University of Cambridge MB-PhD Symposium 2022

University of Cambridge

By Joanne Oke, a second year Medical Student at The University of Manchester


2022 saw the reintroduction of many face-to-face events and marked the first in-person MB-PhD symposium at the University of Cambridge since 2019. The event was an opportunity for second and third-year MB-PhD students at the University of Cambridge to present their research and posters to current and prospective students from University College London and The University of Manchester, along with many academics.

About Joanne Oke


I have an undergraduate degree in Biosciences from St George’s, University of London and I am currently in the second year of my Medical degree at The University of Manchester. I am currently considering applying for an MB-PhD next year, and this symposium proved to be very informative for me to consider my options going forward.




Joanne Oke

The day itself


Following a long and rainy drive from Manchester to Cambridge, we were ready for a day of hearing about the latest scientific discoveries and what current second and third-year students are working on. The symposium was held at the School of Clinical Medicine, which, similar to the Stopford Building at The University of Manchester was busy and bubbling with students. Research topics ranged from how changes in oxygen saturation can affect T-cell calcium responses to Haematopoietic stem cells. Since it was my first time attending a conference, I felt nervous but also excited to learn more and to see how much I would understand from listening to the presentations.

During the breaks in the presentations, there was the opportunity to network with current students and gain a greater insight into their presentations. This was probably my favourite part of the symposium as I was able to speak with students directly. I enjoyed looking at the different posters that were displayed on a variety of topics.

It was also insightful to speak to students from UCL who were at a similar stage to me in the application process. It was during this time I also was able to have a brief conversation with Professor Stefan Marciniak, the current director of the MB-PhD programme at Cambridge who was also one of the early students in the programme when it was first established nearly 30 years ago. Through our conversation, I learnt that the MB-PhD programme was first established at the University of Cambridge, with UCL following shortly afterwards and The University of Manchester being the newest university taking part in the programme. Even though our conversation was cut short due to the second set of presentations commencing, it was useful to learn more about the history of the programme.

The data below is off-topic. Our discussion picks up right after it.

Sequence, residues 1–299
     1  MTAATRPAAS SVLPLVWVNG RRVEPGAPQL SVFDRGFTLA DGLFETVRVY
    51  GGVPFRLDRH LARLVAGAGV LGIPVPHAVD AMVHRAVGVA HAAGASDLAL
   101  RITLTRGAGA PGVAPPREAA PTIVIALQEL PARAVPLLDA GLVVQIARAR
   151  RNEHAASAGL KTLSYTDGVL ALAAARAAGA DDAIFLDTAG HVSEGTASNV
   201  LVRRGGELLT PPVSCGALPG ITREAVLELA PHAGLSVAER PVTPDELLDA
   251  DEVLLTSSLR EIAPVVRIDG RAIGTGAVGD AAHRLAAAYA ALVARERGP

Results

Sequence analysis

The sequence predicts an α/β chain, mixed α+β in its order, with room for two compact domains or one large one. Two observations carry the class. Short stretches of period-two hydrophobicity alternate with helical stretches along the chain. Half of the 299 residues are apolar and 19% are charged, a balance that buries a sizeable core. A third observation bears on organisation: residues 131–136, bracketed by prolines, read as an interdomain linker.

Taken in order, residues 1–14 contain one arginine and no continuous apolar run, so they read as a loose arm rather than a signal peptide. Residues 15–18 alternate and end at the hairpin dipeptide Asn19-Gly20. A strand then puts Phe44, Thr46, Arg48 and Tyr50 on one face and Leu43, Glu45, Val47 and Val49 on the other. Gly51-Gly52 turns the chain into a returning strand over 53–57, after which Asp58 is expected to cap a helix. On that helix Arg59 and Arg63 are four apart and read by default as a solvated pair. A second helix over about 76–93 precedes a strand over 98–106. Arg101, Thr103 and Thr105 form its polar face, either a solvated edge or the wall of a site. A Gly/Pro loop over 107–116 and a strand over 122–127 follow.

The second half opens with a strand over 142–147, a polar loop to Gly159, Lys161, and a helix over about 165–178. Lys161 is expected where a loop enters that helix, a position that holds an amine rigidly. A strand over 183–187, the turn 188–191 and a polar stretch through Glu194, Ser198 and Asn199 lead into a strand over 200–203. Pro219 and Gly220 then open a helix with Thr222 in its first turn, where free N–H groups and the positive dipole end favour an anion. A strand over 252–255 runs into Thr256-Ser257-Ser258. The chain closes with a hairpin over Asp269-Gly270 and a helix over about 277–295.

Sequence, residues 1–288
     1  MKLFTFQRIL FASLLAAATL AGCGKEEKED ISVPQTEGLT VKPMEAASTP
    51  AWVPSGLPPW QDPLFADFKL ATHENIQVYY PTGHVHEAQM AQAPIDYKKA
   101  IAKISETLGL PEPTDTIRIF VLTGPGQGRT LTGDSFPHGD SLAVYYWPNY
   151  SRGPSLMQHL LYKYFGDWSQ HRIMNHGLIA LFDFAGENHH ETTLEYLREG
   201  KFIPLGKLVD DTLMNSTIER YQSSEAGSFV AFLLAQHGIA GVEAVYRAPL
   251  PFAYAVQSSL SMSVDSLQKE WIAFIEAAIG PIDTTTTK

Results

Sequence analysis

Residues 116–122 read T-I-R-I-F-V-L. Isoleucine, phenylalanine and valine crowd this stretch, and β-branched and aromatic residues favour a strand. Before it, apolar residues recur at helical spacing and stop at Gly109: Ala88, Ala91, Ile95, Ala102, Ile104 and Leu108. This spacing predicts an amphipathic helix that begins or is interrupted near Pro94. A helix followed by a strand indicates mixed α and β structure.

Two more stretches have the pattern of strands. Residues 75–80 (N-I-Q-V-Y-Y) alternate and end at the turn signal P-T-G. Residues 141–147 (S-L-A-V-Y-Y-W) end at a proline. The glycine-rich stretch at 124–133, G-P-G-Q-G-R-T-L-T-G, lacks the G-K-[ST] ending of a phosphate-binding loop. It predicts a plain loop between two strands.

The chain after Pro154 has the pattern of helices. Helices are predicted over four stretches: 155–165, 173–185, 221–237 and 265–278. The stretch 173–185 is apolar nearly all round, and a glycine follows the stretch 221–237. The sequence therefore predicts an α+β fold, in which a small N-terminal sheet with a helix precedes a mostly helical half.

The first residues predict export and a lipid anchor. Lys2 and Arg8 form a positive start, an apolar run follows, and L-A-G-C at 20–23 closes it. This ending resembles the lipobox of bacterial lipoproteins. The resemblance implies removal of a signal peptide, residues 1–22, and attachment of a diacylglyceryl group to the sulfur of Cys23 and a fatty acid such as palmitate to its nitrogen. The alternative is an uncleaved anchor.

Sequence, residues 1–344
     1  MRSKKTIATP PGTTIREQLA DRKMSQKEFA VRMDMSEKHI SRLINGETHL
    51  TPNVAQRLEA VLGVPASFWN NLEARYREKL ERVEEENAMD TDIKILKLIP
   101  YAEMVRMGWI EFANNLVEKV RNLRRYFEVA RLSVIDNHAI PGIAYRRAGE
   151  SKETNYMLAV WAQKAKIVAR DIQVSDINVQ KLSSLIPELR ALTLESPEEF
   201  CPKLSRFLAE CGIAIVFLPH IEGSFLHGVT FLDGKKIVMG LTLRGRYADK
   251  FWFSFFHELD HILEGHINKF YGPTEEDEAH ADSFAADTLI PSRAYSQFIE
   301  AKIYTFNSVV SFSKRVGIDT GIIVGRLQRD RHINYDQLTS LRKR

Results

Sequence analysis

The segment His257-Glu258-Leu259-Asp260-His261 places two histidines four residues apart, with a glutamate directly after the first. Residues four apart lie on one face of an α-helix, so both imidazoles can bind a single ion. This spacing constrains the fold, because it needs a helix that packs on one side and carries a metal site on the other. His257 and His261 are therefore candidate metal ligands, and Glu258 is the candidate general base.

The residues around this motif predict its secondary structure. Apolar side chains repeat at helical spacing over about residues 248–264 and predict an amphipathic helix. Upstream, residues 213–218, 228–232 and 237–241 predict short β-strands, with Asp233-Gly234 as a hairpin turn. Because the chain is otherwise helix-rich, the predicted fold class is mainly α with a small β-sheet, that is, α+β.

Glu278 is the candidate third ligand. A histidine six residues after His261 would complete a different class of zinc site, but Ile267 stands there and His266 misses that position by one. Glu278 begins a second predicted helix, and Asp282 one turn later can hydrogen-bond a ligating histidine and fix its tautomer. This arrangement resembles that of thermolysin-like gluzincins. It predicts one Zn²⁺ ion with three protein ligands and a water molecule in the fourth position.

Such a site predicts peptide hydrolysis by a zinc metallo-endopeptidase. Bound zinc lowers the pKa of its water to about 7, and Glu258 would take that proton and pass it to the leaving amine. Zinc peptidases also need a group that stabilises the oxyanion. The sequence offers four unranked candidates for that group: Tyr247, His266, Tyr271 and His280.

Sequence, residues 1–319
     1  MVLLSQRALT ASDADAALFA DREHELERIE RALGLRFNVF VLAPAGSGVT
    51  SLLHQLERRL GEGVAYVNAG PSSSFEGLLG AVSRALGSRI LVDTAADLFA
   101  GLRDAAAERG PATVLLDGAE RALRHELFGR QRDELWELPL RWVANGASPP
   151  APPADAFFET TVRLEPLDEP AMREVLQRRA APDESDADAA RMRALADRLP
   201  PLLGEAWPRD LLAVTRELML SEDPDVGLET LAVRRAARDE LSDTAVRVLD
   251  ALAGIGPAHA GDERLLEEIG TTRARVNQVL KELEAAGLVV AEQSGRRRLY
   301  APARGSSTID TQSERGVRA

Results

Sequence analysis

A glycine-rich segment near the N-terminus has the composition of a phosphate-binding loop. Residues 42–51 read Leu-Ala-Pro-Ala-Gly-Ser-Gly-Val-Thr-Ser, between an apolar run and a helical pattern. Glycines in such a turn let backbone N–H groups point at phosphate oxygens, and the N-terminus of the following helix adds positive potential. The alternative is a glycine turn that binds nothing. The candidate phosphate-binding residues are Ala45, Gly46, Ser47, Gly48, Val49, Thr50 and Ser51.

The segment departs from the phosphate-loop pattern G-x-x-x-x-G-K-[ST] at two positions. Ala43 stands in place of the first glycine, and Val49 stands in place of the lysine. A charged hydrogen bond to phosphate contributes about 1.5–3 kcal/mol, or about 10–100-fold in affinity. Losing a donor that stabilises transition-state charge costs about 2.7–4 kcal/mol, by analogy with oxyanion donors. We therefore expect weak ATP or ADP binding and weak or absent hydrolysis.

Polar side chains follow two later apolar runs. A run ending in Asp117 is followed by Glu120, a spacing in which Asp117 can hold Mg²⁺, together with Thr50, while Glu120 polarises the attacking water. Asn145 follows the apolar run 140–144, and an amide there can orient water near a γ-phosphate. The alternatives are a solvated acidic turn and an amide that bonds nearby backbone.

Key topics


Overall, the symposium illustrated the various topics that students can do as part of their MB-PhD; from the development of natural killer cells to a presentation of early brain development in primates. It was fascinating to learn after the symposium that a majority of the students didn’t present projects that were part of their thesis but collaborations or side projects they had been working on.

To end the conference there was an amazing talk by the keynote speaker Professor Menna Clatworthy who spoke about her journey in clinical academia. Her talk was enjoyable, informative, and it was filled with moments of laughter, integrating a lot of life lessons about undertaking a PhD and also the opportunities following its completion.

My learnings


This opportunity allowed me to realise the value of conversation, collaborations and conferences within the world of research. I valued being able to speak to current MB-PhD students about why they decided to apply for this programme, how they chose their projects and future prospects after graduation. I enjoyed listening to their conversations about their experimental designs and the impact it had on their projects. This trip inspired me to push myself out of my comfort zone not only academically but socially. It amplified my strong interest in academic research and made me excited to see what opportunities are available for me in the future.

Overall, if you’re interested in research, I would highly recommend getting involved in any of the activities the MB-PhD programme has to offer.

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